But, since I was there anyway....we of course took in some local flavor. This is Young's Lobster Pound, where we ate fresh (like, you pick it out yourself from the tank that comes off the boats) sea fare.

Here's what I had for dinner, Bay Crabs. Mmmmmm..... (well, I didn't eat ALL of them!)

But, really, it was about the cows.


Saturday, July 11, 2009

away for a bit, back soon, here's a poem

Working this coming week at herding clincs, so will be away (both locally and in Maine for a few days as well). In the meantime, please enjoy our poem for the coming week!

The Summer Sun, by Robert Louis Stevenson

GREAT is the sun,
and wide he goes
Through empty heaven
without repose;
And in the blue
and glowing days
More thick than rain
he showers his rays.

Though closer still
the blinds we pull
To keep the shady
parlour cool,
Yet he will find
a chink or two
To slip his golden
fingers through.

Above the hills,
along the blue,
Round the bright air
with footing true,
To please the child,
to paint the rose,
The gardener of the World,
he goes.

way better frog picture

Ok, here's what a bullfrog at our local frog pond looks like when captured with better photographic equipment than my little point-n-shoot Fugi. My Dad sent this along after our visit over there on Wednesday.

He also informed me that my information on Indian Pipes (see my last post) was not quite correct. Apparently it is not a fungus itself, but rather a parasitic plant that depends on a fungus for its nutrients since does not have chlorophyll and hence cannot produce it's own food. Interesting stuff! (Maybe I should hit up my Dad for a better picture of Indian Pipes, too....)

Thanks, Dad!

Friday, July 10, 2009

frog pond

I guess my whining yesterday payed off -- it was a GORGEOUS day today! So we moved our morning walk to our favorite frog pond, which we drop by often to explore.

We don't call it the frog pond for no reason! Here a lovely bullfrog suns itself on the leaf of a pond lily, blooming nearby.

There are tadpoles aplenty to be found -- this is a first-year bullfrog tadpole -- he won't sprout legs and become a frog until next year (he'll spend the winter buried in the mud as a tadpole).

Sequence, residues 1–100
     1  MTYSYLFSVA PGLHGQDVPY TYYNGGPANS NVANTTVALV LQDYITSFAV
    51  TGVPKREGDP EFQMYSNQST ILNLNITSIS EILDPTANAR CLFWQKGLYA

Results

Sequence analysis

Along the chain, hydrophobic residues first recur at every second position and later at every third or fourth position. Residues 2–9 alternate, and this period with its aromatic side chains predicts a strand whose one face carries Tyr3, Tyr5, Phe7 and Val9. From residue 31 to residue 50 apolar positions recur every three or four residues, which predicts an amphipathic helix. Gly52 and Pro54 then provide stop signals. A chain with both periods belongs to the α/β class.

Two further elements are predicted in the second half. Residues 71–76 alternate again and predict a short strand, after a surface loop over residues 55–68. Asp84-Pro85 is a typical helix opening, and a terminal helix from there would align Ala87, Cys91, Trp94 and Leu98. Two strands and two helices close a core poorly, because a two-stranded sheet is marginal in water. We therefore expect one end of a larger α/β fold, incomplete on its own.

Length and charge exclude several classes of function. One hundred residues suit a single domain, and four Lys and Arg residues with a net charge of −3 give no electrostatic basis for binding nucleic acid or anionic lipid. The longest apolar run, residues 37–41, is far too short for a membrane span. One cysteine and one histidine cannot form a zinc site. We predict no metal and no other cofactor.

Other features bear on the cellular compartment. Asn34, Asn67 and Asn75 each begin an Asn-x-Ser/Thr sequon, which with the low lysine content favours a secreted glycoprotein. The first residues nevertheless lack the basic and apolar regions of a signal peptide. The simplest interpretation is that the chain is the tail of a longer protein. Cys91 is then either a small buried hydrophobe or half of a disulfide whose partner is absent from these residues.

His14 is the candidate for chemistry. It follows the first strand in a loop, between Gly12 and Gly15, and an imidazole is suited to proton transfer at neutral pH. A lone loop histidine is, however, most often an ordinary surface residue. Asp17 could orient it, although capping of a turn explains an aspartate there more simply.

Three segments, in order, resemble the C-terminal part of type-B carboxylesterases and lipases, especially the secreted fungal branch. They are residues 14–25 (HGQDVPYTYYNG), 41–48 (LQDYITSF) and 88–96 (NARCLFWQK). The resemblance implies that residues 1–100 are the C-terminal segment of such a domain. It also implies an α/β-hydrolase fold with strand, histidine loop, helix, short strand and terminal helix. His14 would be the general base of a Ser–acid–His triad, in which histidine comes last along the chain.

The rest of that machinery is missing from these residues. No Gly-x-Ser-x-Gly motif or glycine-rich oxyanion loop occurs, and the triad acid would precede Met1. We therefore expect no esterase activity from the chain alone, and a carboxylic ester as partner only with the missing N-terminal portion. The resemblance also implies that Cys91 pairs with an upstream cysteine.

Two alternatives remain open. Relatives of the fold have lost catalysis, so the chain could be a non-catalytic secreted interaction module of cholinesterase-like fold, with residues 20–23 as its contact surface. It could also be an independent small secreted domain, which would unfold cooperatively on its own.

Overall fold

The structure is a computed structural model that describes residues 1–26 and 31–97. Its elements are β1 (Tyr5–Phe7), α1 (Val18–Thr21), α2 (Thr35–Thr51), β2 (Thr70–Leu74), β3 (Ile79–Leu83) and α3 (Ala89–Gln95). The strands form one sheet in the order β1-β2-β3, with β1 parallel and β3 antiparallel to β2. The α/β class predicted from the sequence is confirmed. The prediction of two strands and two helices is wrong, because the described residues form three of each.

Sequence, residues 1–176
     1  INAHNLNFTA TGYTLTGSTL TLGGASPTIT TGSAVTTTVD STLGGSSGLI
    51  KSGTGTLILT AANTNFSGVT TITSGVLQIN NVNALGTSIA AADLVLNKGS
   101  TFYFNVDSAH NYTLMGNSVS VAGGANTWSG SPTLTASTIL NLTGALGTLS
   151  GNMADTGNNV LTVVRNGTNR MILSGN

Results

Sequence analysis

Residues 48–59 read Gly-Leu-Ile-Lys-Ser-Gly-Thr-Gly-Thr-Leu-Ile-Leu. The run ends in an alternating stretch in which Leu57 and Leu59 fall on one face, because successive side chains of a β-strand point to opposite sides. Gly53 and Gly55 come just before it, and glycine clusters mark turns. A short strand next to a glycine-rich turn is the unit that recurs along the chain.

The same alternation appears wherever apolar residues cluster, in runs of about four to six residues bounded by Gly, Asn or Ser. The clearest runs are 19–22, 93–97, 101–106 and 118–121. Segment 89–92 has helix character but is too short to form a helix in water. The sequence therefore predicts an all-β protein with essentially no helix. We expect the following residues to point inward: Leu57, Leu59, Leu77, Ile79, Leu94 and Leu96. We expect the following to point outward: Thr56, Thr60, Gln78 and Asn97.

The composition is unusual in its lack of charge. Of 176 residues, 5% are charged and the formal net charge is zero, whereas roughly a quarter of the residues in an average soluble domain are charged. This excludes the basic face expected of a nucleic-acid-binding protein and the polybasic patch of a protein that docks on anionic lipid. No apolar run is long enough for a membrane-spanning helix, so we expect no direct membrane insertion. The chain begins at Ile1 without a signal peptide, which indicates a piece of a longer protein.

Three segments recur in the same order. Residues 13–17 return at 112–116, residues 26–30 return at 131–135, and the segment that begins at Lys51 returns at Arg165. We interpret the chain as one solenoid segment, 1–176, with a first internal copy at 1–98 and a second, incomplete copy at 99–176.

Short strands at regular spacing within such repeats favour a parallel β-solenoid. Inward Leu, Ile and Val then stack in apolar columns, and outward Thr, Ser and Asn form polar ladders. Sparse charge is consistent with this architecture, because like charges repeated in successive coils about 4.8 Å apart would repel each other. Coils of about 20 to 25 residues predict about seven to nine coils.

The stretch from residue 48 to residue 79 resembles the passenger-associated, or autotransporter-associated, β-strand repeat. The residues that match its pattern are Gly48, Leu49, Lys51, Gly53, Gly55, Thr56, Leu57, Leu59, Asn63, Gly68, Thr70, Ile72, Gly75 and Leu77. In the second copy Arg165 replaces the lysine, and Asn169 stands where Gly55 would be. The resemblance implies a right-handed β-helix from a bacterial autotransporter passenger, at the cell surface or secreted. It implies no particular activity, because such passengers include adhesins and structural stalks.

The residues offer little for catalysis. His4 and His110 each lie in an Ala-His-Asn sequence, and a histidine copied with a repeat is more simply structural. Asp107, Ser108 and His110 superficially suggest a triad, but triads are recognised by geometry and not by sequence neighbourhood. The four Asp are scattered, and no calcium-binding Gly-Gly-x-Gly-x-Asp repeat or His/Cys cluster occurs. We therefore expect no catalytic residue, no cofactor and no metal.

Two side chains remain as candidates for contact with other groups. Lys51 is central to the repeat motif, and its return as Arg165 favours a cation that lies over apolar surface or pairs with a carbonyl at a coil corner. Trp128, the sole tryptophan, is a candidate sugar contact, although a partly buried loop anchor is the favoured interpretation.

Here's a second-year bullfrog tadpole -- you can see his big webbed hind feet and his stumpy little front legs, plus his tail (quite a big shorter than the first-year tadpole's), and he's already breathing air.

I came across this painted turtle laying eggs when my Dad and I stopped by on Wednesday. Today, there was no sign the turtle was ever there, she had smoothed all that mud over her nest and left no trace of activity. We'll keep an eye on the nest -- I'm hoping if we time it right, we might be able to see some of the hatchlings!

There's a trail around the pond that we've never explored before, so today was the perfect day for that adventure!

We found these tracks in the mud. We think they are from a raccoon who was walking just on the balls of his hind feet (generally you can see the long, triangular heel as well). The front foot print certainly looks like a raccoon's.

A majestic Great Blue Heron tolerated us watching him fish.

We had to cross several streams. There's a lot more water in the area than usual for this time of year, thanks to all the recent rain. Made for a good challenge in places!

Indian pipes! Which I believe is a type of fungus? (Dad, correct me if I'm wrong!) Regardless, they are a pretty cool plant.

Ah! Wild blueberries, ripe and just waiting to be picked! (Well, they're not waiting any longer. They were delicious.)

The best part about the pond is that it's only a two minute drive from our house. So it's convenient to drop by to check on all the pond-happenings on a regular basis.